The idle ramblings of a Jack of some trades, Master of none

Amazing how rough-and-tumble old Saxon sounds. Somehow I doubt that the residents of Putney would have paid through their noses to buy property there had their borough retained its old name of Putta. And wealthy Fulham today, once having started life as a fishing village, can scarce be connected with the demesne of Fulla, or indeed the criminal syndicates that ran the suburb till the 1960s.

Continuing our recitation of the various bridges over London's Thames, we find that other interesting facts abound. We speak here of the crossings connecting Fulham with Putney. At least initially, ferries were used to traverse the river. Indeed, ferries from Putney are mentioned in the Domesday Book (which recorded in 1086 that they yielded twenty shillings annually to the Lord of the Manor). The first plans to build a bridge in 1671 were scuppered by the jealousy of the City Corporation, and it was not till 1726 that an Act of Parliament authorised its construction. (You can purchase the original documents at de Freitas Books.)

This first bridge was designed by Sir Joseph Acworth, and was made of timber, supported by 26 arches. Being low-slung, ships often collided with it, and it needed constant repair. An engraved map by John Rocque names it 'Fulham Bridge'. In 1879, the Metropolitan Board of Works purchased this bridge, and decided it was time to build a new one. That is the one currently standing, called Putney Bridge - unique in being the only one in Britain to have a church at either end - and is the first of Sir Joseph Bazalgette's bridges in London (1886).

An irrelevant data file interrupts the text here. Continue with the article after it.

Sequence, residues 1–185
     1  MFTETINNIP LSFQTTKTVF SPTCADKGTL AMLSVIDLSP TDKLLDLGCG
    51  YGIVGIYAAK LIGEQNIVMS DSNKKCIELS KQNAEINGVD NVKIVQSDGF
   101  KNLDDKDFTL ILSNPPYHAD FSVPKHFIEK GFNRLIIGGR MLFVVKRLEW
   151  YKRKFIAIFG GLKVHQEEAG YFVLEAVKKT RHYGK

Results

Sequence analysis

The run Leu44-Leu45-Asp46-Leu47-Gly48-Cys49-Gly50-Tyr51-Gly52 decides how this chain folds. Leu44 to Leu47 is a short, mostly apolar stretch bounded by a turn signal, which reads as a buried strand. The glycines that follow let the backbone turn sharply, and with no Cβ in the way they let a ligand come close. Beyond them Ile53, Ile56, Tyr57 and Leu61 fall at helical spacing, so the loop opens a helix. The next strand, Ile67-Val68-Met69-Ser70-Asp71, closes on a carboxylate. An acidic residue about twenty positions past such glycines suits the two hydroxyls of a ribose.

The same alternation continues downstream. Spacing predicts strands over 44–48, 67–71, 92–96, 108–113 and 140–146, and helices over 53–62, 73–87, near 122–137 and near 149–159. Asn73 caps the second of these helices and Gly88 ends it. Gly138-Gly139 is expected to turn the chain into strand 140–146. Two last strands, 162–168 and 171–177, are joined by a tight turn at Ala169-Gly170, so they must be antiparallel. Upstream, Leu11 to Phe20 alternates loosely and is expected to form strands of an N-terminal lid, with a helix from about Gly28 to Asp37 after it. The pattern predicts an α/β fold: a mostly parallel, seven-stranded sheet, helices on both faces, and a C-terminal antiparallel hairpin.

That famous feminist Mary Wollstonecraft allegedly tried to commit suicide by jumping off Fulham bridge. She had been earlier thwarted at Battersea by the large crowds; when she leapt into the river at Putney, she proved to be equally inept in the attempt and was fished out of the water by a boatman.
It appears that the only person compensated when the Bazalgette bridge was built was the landlord of the Eight Bells tavern, whose trade was affected because the pub was no longer at the end of the bridge. This is in exact opposition to previous payoffs, which were made to boatmen and the scullers whose livelihoods would have been permanently affected by the construction of any bridge across the river.
A railway bridge standing adjacent to the Old Fulham Bridge is used by the District Line is a wrought-iron lattice girder bridge placed on two piers. Designed by William Jacomb, it was completed in 1889. Once it was called the iron bridge although its abutments are dressed with Portland Stone. It has a pedestrian route, which seems barely used.

Meanwhile, the rivalry between Cambridge and Oxford universities resulted in the annual Boat Race (1845). Starting from the Putney Embankment and ending at Mortlake, this is the most famous and popular of the races on the river. Sadly, though, the ancient Doggett's Coat and Badge race, or the Head of Rivers race, or the yearly contest between the London Fire Brigade and the River Police are hardly attended.


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